Hull City may be one of the least-impressive teams to earn automatic promotion, but they have the summer to correct those problems, because after today’s draws at the KC Stadium and Vicarage Road, the Tigers are back in the Premier League, joining league-winners Cardiff City as automatic promotees from England’s Football Championship.
But Steve Bruce’s side practically volunteered to be pulled into a playoff. Hosting the already-promoted Bluebirds on the season’s last day, Hull went down early in the second half before goals from Nick Proschwitz and Paul McShane looked to have the Tigers promoted. One point up on third-place Watford ahead of today’s 12 simultaneous kick offs, Hull knew three points would send them up.
Yet in the 93rd minute, a handball by defender Abdoulaye Faye sent Nicky Maynard to the spot, a state that brought Hull’s horrible form back into perspective. In mid-April, the Tigers looked sure bets to join Cardiff in the Premiership, but one point in three games ahead of the Bluebirds’ visit brought Watford back into play. And when Maynard beat David Stockdale in the 95th minute, the Hornets had fate in their hands.
Unfortunately, Gianfranco Zola’s team couldn’t find the late goal that would have snatched automatic promotion. While a visit from Leeds United should have meant three points, the Whites were able to take a 1-1 draw from Vicarage Road, sending Watford into a four-team playoff for the last promotion spot. The result also allowed Hull to back into the Premier League.
The Tigers’ ability to get the league’s second-most points from a 46-match season is an obvious argument to their quality, one that precludes any claim (possibly inadvertently hinted here) they’re undeserving of their spot. Yet powered by a midseason, post-Bruce-hiring run, Hull bares a vague resemblance to last year’s Reading – a team with Championship mid-table talent that found a mid-season rhythm and rode it into the Premier League. Add in a pedestrian +7 goal difference, there’s more than one reason to think this is the beginning of another Hull yo-yo, even if there’s a shade of poor taste in bringing this up moments after the club’s secured promotion.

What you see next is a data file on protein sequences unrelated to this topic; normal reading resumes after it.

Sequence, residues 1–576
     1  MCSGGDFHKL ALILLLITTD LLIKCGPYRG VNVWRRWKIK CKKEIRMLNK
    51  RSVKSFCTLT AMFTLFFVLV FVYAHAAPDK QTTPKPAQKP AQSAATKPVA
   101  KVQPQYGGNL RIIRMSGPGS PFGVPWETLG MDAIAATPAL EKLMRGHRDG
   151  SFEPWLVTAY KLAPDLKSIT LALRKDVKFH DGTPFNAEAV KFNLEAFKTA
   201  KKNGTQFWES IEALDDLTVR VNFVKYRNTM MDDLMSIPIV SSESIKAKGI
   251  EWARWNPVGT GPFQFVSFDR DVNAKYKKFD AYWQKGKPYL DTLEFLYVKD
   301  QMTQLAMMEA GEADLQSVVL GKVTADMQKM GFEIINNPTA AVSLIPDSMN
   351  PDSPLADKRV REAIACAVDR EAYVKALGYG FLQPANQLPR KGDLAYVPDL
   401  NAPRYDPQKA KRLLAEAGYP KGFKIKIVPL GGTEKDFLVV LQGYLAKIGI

Hull were last in the Premier League in 2009-10, the end of a two-year run that began when a sixth-placed team went through the Championship playoff and into England’s top division. They were saved on the last day in 2008-09 before finishing 19th in 2009-10.
Now they’re back, and with the cash injection provided by Premier League broadcast rights, they’ll have the same shot given to every other promoted club. If they spend wisely and manage their season well (neither of which Reading did), they can stay up, their Championship run-in be damned.
With their home draw, Watford’s route to the Premier League now does through Wembley. They’ll face Leicester City in one half of the bracket, while Crystal Palace and Brighton & Hove Albion meet on the other.
That makes Bolton the day’s big loser. The Trotters came into the day in sixth place and needed only a win over visiting, mid-table Blackpool to secure a playoff spot. But like Hull and Watford, they left their destiny in others’ hands, giving up two early goals to spot the Seasiders a lead they never gave up. With the 2-2 draw, the turnaround Doughie Freedman engineered after Owen Coyle’s dismissal fell short. A 91st minute goal by Leicester City’s Antony Knockaertat rival Nottingham Forest allowed the Foxes to secure the league’s last playoff spot.
Brighton and Palace both got home wins against relegated sides, confirming relegation for Peterborough United and Wolverhampton Wanderers. For Wolves, it was their second successive relegation. Bistol City, 10 points adrift of 23rd place Wolverhampton, join the duo in League One.